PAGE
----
In Japan, the first domestically-produced quantum computer took a key step forward with a working model in December 2022. With it, the technology created by domestic researchers has emerged as a leading candidate for the realization of a full-fledged machine.
Quantum computers are expected to greatly exceed classical computers' ability to run large-scale, high-speed calculations, and across the world, there is fierce competition to develop them. Japan is becoming the site for research and development.
Developing Experimental Machines and Promoting Research
Wakoshi, Saitama Prefecture, is home to the RIKEN Center for Quantum Computing (RQC). It is here that development of the first domestically-produced quantum computer is moving forward. Yasunobu Nakamura, director of the RQC, is leading the development and aims for completion at the end of March 2023.
They are using the superconducting method. This is a mainstream method for creating quantum computers. It is also being adopted by large overseas companies like Google and IBM. In 1999, when Nakamura was working at NEC, he surprised the world by creating the world's first superconducting qubit. This is now the heart of the technology.
While a bit of a classical computer can only hold 0 or 1 as its encoded information, a quantum computer's qubit can be a superposition of both 0 and 1. Therefore, information can be processed simultaneously, allowing for ultra-high-speed calculations.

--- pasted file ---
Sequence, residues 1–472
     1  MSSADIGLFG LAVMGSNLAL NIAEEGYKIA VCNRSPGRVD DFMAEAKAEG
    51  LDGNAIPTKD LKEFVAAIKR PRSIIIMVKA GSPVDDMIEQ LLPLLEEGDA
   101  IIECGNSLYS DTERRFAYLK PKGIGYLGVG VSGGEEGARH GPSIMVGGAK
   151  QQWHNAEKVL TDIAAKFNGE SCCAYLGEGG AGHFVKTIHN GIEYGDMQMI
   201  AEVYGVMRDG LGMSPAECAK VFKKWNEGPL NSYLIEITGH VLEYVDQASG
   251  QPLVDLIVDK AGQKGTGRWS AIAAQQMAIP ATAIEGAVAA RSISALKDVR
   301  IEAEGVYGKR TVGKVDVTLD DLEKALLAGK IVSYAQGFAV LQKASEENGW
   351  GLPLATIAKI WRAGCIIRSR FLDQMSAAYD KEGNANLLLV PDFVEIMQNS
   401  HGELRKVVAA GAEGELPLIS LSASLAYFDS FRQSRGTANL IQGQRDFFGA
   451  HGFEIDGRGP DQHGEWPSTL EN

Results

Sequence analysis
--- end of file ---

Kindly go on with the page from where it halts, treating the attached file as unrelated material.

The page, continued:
Superconducting quantum computers use electronic circuits that are brought to a superconducting state by cooling them to extremely low temperatures. In order to create this extremely-low-temperature environment, the issues of the size of the device and the complexity of the wiring must be considered.
The Quantum Computer Vision
The government's vision for the future quantum society, which was formulated in April 2022, states that the first unit would be installed by the end of that year. This vision calls the quantum computer "the department that is the most scientifically- and technologically-advanced."
The early development of a domestically-produced machine is essential in order to compete with the rest of the world in the battle for supremacy in science and technology.
The first machine will be a testbed for research and development of related technologies. Meanwhile, it will bring us close to the actual full-fledged quantum computer. Dr Nakamura said, "We've been requested to create a domestic computer that everyone can use as soon as possible. I think our collaborators will be the first to use it, but we would like to expand its application."
"We can conduct research on various levels," such as efficiently operating hardware for quantum computers. And we are creating software that demonstrates the strengths of quantum computing, says Dr. Nakamura.
A Diverse Research Environment
At RQC, in addition to superconductivity, research into creating a quantum computer using photons and silicon is progressing. There are not many research institutes, even overseas, that have such a diverse selection of research areas.